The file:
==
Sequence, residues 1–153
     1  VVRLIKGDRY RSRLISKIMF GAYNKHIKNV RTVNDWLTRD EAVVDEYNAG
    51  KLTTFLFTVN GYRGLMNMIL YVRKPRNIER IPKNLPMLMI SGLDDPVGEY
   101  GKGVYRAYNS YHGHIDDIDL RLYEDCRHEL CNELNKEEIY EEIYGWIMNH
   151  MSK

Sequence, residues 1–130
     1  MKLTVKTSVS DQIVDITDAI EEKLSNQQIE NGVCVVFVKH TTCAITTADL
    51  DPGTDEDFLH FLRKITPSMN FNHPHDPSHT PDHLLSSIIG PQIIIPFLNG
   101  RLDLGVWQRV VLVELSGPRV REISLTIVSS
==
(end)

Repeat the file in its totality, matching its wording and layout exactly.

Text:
Sequence, residues 1–153
     1  VVRLIKGDRY RSRLISKIMF GAYNKHIKNV RTVNDWLTRD EAVVDEYNAG
    51  KLTTFLFTVN GYRGLMNMIL YVRKPRNIER IPKNLPMLMI SGLDDPVGEY
   101  GKGVYRAYNS YHGHIDDIDL RLYEDCRHEL CNELNKEEIY EEIYGWIMNH
   151  MSK

Sequence, residues 1–130
     1  MKLTVKTSVS DQIVDITDAI EEKLSNQQIE NGVCVVFVKH TTCAITTADL
    51  DPGTDEDFLH FLRKITPSMN FNHPHDPSHT PDHLLSSIIG PQIIIPFLNG
   101  RLDLGVWQRV VLVELSGPRV REISLTIVSS